by Nicholas Turner
Earlier this year the Supreme Court ruled 8-1 to reverse
a decision from the Ninth Circuit and enforce a provision in a credit-card
agreement requiring plaintiffs to arbitrate claims over unfair lending
practices. The decision in CompuCredit Corp. v. Greenwood [an enhanced version of this opinion is available to lexis.com subscribers
/ unenhanced version available from lexisONE Free Case Law] is the latest Supreme
Court case to limit plaintiffs' rights under the Federal Arbitration Act of
1925 following its decision last year in AT&T v. Concepcion.
The plaintiffs filed a class-action suit in the Northern
District of California against CompuCredit under the Credit Repair Organization
Act (the CROA). The CROA applies to credit card companies that cater to
low-income people and promise customers a way to build credit history and
improve credit scores. Plaintiffs alleged that CompuCredit provided misleading
promotional materials and charged hidden fees that totaled more than $250 on
average on an initial credit line of $300 in the first year alone.
CompuCredit moved to dismiss the complaint and class
certification and enforce a mandatory arbitration clause contained in the
customer credit agreement. The District Court rejected the motion, and the
Ninth Circuit affirmed, holding that §1679c(a) of the CROA gave plaintiffs "a
right to sue" in court in order to enforce the Act's provisions. Section
1679c(a) requires companies to include a disclosure in customer agreements
stating that: "You have a right to sue a credit repair organization that violates
the [CROA]." Moreover, §1679f invalidated "[a]ny waiver by any
consumer of any protection provided by or any right of the consumer under" the
Act, thereby making the arbitration clause unenforceable.
The Supreme Court's majority voted to reverse the lower
courts' decisions, holding that §1679c(a) did not give the plaintiffs a
substantive right to sue, but only the right to "receive the statement"
contained in §1679c(a). Therefore, §1679f did not incorporate the right
to sue and did not make the arbitration clause unenforceable.
Additionally, the majority held that other sections of
the Act did not give plaintiffs an express right to sue in court because it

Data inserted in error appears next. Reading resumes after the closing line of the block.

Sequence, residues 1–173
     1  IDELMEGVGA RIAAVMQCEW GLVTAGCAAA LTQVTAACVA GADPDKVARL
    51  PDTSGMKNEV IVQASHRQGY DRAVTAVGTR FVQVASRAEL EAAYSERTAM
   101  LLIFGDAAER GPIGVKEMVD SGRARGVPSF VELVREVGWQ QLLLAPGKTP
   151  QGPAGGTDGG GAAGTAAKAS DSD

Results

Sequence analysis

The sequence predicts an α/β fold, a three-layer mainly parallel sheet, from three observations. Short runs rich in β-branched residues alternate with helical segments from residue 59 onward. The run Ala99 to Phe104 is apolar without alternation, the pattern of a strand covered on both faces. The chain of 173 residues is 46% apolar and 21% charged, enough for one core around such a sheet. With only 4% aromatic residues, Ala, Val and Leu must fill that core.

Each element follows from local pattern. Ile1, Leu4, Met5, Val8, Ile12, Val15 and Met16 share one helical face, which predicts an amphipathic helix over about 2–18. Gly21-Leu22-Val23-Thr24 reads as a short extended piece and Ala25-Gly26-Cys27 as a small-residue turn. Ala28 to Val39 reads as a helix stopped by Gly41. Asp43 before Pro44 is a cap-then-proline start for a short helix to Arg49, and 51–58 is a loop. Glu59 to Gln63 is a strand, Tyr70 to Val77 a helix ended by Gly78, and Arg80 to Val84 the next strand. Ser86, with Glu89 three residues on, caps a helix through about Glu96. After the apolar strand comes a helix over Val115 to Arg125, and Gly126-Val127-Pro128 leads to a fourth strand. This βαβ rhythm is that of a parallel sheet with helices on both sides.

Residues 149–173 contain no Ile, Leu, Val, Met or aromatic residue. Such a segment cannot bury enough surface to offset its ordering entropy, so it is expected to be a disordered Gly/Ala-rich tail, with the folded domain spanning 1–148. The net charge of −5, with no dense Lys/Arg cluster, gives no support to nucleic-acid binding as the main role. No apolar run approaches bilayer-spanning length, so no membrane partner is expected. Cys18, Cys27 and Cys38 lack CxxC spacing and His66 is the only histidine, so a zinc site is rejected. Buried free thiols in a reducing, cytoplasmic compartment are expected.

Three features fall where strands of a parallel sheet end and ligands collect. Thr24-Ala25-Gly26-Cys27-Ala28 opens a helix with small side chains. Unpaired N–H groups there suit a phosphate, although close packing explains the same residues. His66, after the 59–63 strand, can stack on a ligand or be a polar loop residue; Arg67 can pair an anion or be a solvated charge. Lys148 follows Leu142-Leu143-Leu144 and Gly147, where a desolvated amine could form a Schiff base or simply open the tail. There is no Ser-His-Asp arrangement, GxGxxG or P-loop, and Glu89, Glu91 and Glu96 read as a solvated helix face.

left the parties free to choose their own forum. Therefore, plaintiffs who sign
arbitration agreements must begin their cases there, and may only resort to
traditional courts if necessary to enforce or review awards.
The majority came to its conclusion in light of the
strong presumption in favor of arbitration clauses given by the Federal
Arbitration Act of 1925 (FAA). The Court acknowledged that the disclosure
contained in §1679c(a) of the CROA was "imprecise," but reasoned that Congress
would have specifically invalidated mandatory arbitration clauses in the CROA,
if it had intended to do so.
Justice Ginsberg in her dissent argued that §1679c(a)
should be read to give plaintiffs the right to sue in court in keeping with the
section's plain meaning because "Congress' target audience in the CROA is not
composed of lawyers and judges accustomed to nuanced reading of statutory
texts, but laypersons who receive a disclosure statement in the mail." Since "a
right to sue" typically implies the right to sue in court- not
arbitration-consumers should not be able to waive that right, per §1679f.
Ginsberg concluded that the majority's decision would allow companies "to deny
consumers, through fine print in a contract, an important right" contained in
The outcome in CompuCredit only increases the
disadvantage given to plaintiffs under the Court's holding in Concepion, which
undermined state laws protecting consumers against class-action waivers in
arbitration clauses. Taken together, the decisions allow credit companies to
deny plaintiffs-particularly low-income ones-the benefit of class-action
status, while forcing their claims into the forum that is most favorable to the
Related: Why we need the Arbitration Fairness
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